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How To Win Every Debate You're Ever In
By Matthew Notch | 20th May, 2013 | 4:15 am

How To Win Every Debate You're Ever In



Those who cannot understand how to put their thoughts on ice should not enter into the heat of debate.--Friedrich Nietzche


It's a curious thing, the way we go at one another. Humans are social creatures, for the most part, as per evolution or human nature or whatever you like to attribute said social quality to. But as always, in looking back on our history, it's usually filled with all kinds of scary animals and angry people looking to devour us, and so for centuries most philosophers and evolutionary biologists have explained that our need for stimulating debate is to arrive at a more perfect, purer form of the truth, in order to stay alive longer and propagate our own genes. As recently as 2011, though, French cognitive scientists have posited a new theory: the ones who dig in their heels might just be the ones who "win" these debates.

Here, take a look at their abstract if you don't mind reading something a bit dryer than this little essay or whatever. Essentially, the good doctors are saying that we argue JUST to win. It's not about clarifying facts, or purifying truth. It's all about looking better than the other guy and scoring all the poon as a result--I mean that quite literally. This is also meant to explain that doggone confirmation bias: the ones who are any good at arguing are the ones who succumb to that very thing, picking and choosing the parts that make them sound better.

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So how do I go about scoring all the poon winning my arguments, then? Well, let's just eschew any science at this point and start making stuff up. If the gentlemen cited above are correct at all, I'm already ahead...

5. Remember that it's ALWAYS personal

Read this little bit of Wikipedia, why don't you. If it's all too many words for you, basically it's saying that reason has always been thought of as working against passion. Left brain, right brain... and of course it would be easy to pick out that expression, do a little digging, and make an argument against it, but first ask yourself--why? Why would you need to argue against left brain, right brain? I mean different strokes for different folks, but for some it could be viewed as an attack on their own position, or even an attack on people who don't share that person's ideas, but are viewed sympathetically nonetheless. What I mean by that is, sure you don't agree with those jokers who say, "Our brains are made of swiss cheese!", but in watching them so mercilessly attacked by my assertion that our brains are split into two halves instead of being made of cultured milk, you feel a need to take me down a NOTCH. This ties in very well with Rousseau's concept that "two principles prior to reason" were in place in humanity: a desire to survive and a desire to save other beings like us. And all these years later, I mean we're still dominating as a species, so clearly there's at least some merit to that idea.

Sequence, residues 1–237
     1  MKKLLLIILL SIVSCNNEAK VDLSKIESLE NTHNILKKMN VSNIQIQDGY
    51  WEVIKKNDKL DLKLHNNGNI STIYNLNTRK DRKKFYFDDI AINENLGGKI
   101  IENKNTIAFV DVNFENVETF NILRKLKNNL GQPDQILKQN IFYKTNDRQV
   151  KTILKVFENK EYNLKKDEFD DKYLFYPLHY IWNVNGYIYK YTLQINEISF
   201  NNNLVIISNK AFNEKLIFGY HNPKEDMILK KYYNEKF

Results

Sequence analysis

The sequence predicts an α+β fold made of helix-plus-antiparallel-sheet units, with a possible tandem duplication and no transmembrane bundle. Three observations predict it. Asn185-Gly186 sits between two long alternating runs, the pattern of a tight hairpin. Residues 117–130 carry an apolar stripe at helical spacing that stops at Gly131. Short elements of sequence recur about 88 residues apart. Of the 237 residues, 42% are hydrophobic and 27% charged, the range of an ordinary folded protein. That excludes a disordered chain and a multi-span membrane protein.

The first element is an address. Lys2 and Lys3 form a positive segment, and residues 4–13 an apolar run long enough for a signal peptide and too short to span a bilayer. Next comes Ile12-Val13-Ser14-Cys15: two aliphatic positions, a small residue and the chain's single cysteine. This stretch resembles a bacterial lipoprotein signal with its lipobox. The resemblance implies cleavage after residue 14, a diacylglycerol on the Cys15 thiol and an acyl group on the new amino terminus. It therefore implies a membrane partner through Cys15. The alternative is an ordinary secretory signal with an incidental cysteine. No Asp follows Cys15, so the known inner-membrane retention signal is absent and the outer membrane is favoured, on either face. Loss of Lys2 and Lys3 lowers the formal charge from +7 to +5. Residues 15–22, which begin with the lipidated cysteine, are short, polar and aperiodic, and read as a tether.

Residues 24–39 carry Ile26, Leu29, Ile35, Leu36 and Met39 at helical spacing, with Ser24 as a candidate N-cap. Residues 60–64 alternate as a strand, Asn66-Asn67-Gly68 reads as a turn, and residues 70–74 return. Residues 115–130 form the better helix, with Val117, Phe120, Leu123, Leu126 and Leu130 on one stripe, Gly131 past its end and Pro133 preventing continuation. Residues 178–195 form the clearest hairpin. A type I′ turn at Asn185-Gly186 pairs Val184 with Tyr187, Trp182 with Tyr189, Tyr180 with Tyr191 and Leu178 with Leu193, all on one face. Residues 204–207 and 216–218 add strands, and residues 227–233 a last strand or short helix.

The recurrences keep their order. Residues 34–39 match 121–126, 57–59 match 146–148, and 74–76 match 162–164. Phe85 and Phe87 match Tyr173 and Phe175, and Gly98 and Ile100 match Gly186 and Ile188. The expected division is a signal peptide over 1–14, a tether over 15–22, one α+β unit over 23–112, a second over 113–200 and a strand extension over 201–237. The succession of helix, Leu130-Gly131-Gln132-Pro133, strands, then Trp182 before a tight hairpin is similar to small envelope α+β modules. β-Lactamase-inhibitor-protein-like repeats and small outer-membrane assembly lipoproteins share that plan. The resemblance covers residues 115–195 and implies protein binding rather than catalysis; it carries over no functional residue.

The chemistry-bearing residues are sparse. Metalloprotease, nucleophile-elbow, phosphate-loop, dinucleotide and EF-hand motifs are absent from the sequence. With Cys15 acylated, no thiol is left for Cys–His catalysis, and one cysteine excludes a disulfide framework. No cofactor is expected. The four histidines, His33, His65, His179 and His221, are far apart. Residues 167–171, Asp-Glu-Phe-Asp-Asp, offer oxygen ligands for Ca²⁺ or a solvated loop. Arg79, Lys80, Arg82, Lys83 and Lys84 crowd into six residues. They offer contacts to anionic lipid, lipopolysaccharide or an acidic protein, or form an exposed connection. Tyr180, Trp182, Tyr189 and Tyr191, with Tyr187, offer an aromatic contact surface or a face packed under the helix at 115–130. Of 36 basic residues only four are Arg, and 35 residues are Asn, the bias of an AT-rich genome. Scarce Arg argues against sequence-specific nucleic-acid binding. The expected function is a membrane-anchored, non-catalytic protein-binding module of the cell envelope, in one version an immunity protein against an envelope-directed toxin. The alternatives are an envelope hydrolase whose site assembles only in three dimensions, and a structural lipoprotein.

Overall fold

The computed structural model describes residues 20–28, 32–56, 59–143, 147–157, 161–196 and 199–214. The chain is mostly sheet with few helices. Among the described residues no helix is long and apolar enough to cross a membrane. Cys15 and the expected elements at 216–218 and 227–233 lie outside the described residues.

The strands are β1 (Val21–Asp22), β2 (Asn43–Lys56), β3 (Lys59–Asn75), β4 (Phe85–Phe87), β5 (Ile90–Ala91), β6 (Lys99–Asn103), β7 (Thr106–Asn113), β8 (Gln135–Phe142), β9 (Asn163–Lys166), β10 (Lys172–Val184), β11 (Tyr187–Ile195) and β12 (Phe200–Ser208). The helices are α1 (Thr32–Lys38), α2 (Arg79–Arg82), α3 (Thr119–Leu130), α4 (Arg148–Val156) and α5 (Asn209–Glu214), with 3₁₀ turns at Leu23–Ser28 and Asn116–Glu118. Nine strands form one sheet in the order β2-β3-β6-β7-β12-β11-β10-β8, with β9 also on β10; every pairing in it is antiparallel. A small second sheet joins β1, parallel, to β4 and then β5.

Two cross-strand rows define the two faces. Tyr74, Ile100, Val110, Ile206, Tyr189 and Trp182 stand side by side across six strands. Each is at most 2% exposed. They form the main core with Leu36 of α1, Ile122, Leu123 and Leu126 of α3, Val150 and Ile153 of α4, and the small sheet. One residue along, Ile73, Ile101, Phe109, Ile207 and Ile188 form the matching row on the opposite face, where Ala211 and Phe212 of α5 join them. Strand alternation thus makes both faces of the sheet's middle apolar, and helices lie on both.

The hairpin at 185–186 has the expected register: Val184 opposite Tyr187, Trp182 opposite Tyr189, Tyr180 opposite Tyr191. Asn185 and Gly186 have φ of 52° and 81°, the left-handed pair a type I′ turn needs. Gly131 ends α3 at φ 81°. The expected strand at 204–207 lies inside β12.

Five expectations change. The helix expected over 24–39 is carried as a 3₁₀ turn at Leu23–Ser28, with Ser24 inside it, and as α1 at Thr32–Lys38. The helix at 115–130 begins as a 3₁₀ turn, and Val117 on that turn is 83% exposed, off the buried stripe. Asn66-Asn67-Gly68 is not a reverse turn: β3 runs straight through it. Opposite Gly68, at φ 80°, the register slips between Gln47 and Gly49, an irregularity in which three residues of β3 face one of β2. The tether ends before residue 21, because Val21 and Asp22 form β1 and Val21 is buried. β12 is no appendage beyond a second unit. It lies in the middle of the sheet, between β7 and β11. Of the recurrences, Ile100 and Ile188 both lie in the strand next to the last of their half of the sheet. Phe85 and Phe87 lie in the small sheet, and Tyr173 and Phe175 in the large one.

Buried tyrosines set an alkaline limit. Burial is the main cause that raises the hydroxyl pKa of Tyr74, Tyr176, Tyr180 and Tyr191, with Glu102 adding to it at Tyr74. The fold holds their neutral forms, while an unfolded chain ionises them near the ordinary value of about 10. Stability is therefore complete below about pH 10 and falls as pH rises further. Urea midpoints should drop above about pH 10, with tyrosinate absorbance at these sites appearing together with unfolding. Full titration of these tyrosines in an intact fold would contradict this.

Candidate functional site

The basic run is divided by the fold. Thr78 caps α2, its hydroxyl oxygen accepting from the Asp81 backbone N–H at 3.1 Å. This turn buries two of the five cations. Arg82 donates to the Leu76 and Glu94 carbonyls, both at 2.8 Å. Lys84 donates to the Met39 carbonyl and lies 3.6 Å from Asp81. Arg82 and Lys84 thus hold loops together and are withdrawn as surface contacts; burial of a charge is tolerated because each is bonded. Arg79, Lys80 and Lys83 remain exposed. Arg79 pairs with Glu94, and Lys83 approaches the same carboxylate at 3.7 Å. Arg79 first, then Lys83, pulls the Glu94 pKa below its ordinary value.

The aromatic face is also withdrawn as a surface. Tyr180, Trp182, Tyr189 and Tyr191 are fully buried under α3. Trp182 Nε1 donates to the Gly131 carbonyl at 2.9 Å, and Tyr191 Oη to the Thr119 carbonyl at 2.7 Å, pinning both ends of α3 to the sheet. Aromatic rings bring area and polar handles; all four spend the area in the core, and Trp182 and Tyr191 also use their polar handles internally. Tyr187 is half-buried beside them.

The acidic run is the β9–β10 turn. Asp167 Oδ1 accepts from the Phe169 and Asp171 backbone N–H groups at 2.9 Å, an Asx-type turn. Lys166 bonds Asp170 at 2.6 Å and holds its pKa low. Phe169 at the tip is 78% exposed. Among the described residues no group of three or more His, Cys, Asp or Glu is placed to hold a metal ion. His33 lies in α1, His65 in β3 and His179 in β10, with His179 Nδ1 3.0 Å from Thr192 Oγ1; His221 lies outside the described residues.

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"Your flimsy logic and reason can kiss my passionate French ass!"


What that means, though, is that once a debate's under way, you may very well be dealing with ideas and arguments that have little if anything to do with logic. Now you're bringing the dirt into your opponent's house, and he or she is about to have a cow on your ass. Again, if the good doctors are correct, this is actually an evolutionary technique built into your opponent to keep him or her popular with others who share that view. You are going to have a hell of a time convincing thousands of years of human nature to shut the hell up and listen to you.